Geothermal heating and cooling systems can save you a lot more money than you may have expected, especially in the face of extreme weather like we've had this past summer.
Many Texans are breathing a sigh of relief after record heat waves, and we're looking forward to fall. Cooler weather may turn your mind to winter home improvements, and North Texas winters are nothing to sneeze at. Fortunately, our latitude and soil composition are perfect for the finest heating and cooling technology available today: geothermal systems.
Geothermal Heat Pumps (GHP) are 70 years ahead of the green movement. There are multiple system choices, the federal government provides tax credit incentives, most local utility companies offer rebates, and investment returns last the system’s life (25-50 years).
Quieter than conventional HVAC systems and not subject to carbon monoxide monitoring, geothermal heat pumps require less maintenance, most of them can supply hot water, the indoor precious metal components are not subject to theft, and geothermal energy is a natural and clean resource.
Geothermal systems, especially ground-loop, are ideal for the North Texas-Dallas metropolitan areas. If you’re interested in taking advantage of a geothermal system, here are three systems to consider:
Closed-Loop Piping Systems
Horizontal: most cost-effective installation; can be used on small lots; trenches dug about four feet deep; layout of piping done one of three ways:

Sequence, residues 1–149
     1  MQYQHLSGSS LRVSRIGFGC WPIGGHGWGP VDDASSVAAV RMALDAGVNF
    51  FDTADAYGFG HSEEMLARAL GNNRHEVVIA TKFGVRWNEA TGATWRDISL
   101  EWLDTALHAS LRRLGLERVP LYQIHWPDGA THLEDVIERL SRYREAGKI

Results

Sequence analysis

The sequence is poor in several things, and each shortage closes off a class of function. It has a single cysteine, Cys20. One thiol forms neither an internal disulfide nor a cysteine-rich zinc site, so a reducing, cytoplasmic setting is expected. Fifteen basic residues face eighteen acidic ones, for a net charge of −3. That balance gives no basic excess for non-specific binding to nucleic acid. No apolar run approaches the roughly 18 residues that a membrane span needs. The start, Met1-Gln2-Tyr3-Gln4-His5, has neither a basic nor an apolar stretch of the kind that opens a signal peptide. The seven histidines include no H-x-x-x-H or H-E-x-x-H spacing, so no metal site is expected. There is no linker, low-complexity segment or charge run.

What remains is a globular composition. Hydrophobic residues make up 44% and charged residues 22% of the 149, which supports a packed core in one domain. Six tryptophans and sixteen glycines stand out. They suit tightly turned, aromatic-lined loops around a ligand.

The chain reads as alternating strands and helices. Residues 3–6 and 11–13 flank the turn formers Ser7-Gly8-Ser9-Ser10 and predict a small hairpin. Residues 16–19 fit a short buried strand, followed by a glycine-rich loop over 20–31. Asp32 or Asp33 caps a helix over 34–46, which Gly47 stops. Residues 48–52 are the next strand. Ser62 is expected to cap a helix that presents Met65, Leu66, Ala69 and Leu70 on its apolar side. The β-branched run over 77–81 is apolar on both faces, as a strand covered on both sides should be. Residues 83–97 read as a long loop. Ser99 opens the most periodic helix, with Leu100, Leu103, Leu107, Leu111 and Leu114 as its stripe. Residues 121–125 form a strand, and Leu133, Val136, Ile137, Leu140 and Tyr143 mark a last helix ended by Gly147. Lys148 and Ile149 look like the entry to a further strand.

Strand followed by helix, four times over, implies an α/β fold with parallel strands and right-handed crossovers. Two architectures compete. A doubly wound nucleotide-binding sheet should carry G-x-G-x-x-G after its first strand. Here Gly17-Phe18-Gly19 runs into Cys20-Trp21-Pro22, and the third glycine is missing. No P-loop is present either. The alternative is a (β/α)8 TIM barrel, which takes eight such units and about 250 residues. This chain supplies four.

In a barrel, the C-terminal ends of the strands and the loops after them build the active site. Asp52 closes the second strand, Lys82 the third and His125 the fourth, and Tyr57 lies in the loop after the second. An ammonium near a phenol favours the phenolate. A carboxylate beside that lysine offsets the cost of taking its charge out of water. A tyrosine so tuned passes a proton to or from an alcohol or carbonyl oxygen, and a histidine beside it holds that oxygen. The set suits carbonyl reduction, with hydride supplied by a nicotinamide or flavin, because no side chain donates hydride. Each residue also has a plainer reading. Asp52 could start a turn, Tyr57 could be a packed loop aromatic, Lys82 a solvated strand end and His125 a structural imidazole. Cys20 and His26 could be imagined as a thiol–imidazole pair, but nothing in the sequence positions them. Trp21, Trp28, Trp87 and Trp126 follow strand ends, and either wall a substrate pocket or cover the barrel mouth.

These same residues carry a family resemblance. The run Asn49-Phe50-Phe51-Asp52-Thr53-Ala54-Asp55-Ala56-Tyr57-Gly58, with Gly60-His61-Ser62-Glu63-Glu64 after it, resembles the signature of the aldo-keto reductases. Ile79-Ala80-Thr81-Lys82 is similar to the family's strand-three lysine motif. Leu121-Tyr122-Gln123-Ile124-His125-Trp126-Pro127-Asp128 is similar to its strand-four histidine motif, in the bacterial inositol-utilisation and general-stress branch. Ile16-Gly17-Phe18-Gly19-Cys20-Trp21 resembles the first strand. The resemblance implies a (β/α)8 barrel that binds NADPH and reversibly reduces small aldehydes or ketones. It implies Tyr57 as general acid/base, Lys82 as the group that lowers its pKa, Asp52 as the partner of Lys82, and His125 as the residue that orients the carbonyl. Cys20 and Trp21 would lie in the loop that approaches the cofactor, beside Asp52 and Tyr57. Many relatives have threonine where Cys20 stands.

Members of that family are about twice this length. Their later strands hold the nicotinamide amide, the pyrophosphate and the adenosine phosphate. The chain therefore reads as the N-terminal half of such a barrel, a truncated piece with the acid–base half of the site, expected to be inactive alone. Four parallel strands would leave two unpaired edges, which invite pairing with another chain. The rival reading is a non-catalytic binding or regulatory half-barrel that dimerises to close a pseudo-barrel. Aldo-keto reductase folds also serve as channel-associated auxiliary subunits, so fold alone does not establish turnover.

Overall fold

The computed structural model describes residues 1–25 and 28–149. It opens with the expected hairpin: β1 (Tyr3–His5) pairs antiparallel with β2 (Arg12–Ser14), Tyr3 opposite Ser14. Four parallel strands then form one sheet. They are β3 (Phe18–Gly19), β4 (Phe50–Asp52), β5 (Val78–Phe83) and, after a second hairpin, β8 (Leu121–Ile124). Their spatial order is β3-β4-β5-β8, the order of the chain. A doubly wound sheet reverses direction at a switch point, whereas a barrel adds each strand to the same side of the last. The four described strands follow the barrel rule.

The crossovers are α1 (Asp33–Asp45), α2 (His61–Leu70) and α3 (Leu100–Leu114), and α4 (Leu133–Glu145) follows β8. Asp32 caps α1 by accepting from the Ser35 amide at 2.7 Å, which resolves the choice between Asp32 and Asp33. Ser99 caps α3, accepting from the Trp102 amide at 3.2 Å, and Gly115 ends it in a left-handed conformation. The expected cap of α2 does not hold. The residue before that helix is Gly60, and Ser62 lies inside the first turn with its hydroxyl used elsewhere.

- Two pipes buried, one at six feet, other at four feet; or
- Two pipes buried side-by-side in two-foot-wide trenches five feet deep; or
- Slinky Method: looping pipeline buried in shorter trench; used for unconventional installations.
Vertical: most cost-effective installation where soil is too shallow for trenching or existing flora must remain undisturbed:
- Two four-inch diameter wells drilled 100 to 400 feet deep placed 20 feet apart.
- Each well receives one U-bend bottom-looped pipe; pipe tops join horizontal manifold pipe connected to indoor heat pump.
Open-Loop Piping System
Aquifer/Pond/Lake: Water, primary heat exchange fluid, comes from well or easily accessible body of water. Upon completion of water cycling through the geothermal piping, water returns to well, recharge well, or as surface groundwater discharge, as long as the discharge method meets local codes and regulations.
Crawford Services, Inc. can provide you with professional, knowledgeable and thorough attention for your household HVAC needs. Contact usto learn more.
Our goal is to help educate our customers about energy and home comfort issues (specific to HVAC systems). For more information about geothermal heating and other HVAC topics, download our free Home Comfort Resource guide.
Crawford Services provides heating, air conditioning and plumbing services to all of North Texas. Visit our website to see our special offers and get started today!